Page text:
Simone White's "The Beep Beep Song" Gets a Second Life (premiere + interview)
Los Angeles musician, filmmaker, and visual artist Simone White reflects on the origins and evolution of what may be her best-known tune, "The Beep Beep Song".
It's been a little more than a decade since Simone White's "The Beep Beep Song" captivated viewers and listeners when it became the soundtrack for Audi's R8 campaign. What she had written in a quarter of an hour became widely covered and remixed. Her video for the track received over a million views on YouTube. That she had only spent $30 making it seems one of the more endearing elements of the story.
White has returned with a new version of the song which is also being used in Audi's current campaign for its R8 V10. The song is no less charming in its new setting, a two-minute dreamlike exploration of love and time which feels like it traverses a lifetime in that narrow window of time. Though there are hints of life's weighty reminders at the edges, one can't help but feel weightless, elevated while listening.
White will release a new album this October, Letter to the Last Generation. She spoke with PopMatters about "The Beep Beep Song's" incredible journey.
What was the origin of "The Beep Beep Song"?
Summer 2004, I was visiting Seattle, staying at a friend's house. I heard two cars outside beep back in forth twice in perfect time, perfect complimentary notes. I sat down and found the notes on the guitar and literally wrote the song in 15 minutes. It was one of those songs that came out very nearly complete. I changed just a couple words, and the title (it was originally called "I Wrote This Song About You" but everyone remembered it as the "Beep Beep Song").
How did you feel when you'd finished writing it?
I felt crazy and triumphant. Wow! I just wrote a song! But I always feel that, because I'm never really sure I'll write another one. Although, it arriving all happy, shiny and splendidly complete did make it feel special. I think it was my first truly happy song.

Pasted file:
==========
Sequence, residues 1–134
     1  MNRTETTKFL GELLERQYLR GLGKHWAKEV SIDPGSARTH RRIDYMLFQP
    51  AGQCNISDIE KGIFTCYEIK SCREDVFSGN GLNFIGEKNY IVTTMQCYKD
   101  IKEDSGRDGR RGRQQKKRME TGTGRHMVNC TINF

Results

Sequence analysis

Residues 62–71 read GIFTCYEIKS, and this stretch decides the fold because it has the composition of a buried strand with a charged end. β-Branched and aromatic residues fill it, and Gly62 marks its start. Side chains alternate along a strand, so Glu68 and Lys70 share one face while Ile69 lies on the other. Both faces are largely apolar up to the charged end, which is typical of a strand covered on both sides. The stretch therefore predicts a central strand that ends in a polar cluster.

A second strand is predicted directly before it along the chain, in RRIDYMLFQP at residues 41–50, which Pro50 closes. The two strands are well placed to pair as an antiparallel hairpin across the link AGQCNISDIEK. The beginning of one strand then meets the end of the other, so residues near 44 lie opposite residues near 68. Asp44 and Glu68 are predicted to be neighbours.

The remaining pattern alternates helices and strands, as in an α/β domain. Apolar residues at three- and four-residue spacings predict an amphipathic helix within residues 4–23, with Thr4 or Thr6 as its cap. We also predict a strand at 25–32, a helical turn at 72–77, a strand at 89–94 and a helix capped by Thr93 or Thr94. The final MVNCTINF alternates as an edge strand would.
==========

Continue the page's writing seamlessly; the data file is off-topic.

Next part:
The song first appeared on your album I Am the Man. When you look back on that record, what are your memories?
I went to Nashville to record with producer Marky Nevers. I'd found him from my love of the Bonnie Prince Billy album Master and Everyone. I was listening to it nonstop in the car, summer of 2004, driving up and down the coast from LA to Seattle, doing a little mini tour I'd put together. I kept telling people how much I loved that album, and then a new friend that I'd just met in LA said oh hey, my boyfriend knows that guy. She got me the number and I called him up. Marky said come on down and record, I can tell you're a good singer, you talk in tune. It felt like kismet, a magical introduction. I don't think it ever would have occurred to me to approach him otherwise. Marky sent the album we made to Honest Jon's (he knew them from working with Candi Staton) and they signed me.
How did the song come to be featured in an Audi commercial?
I asked my contact there at the time, how did you find it? They said it just appeared.
I know that that was a lucrative market for a number of artists but also one that, more often than not, they stumbled into. I would think it'd be extremely hard to write specifically for that medium.
I've worked with a few producers making commercial demos. I like working with deadlines, the creative constraints. It's a different process. I also like singing and writing in a way that I wouldn't necessarily do for myself. Putting on a character.
You re-recorded it and it sounds wonderful. Did you have anything particular in mind when you remade it?
Just clarity. Singing it really purely, playing it well, the vocal and guitar. They added the beats and synths to it. I was happy to re-record it. I think I'm a much better singer now.
You have another single coming out later this summer and then album later this year. What can you tell us about your upcoming full-length?
The title track on Letter to the Last Generation is about climate change and all the songs seem to have a futuristic, near or post-apocalyptic feeling to me. But also with personal themes, self-doubt, anxiety, love and heartache in a time of great change.
The producer, Pete Min, gathered a great group of musicians to play on it, and there's a kind of celestial, floating in space feeling throughout the album. The album artwork (by Alex Mata) reflects that space/celestial theme as well.
I try to always look up at the sky, the stars, find the moon, imagine our planet in the universe, pop out into space in my mind and look back at the tiny dot, lost in the infinite.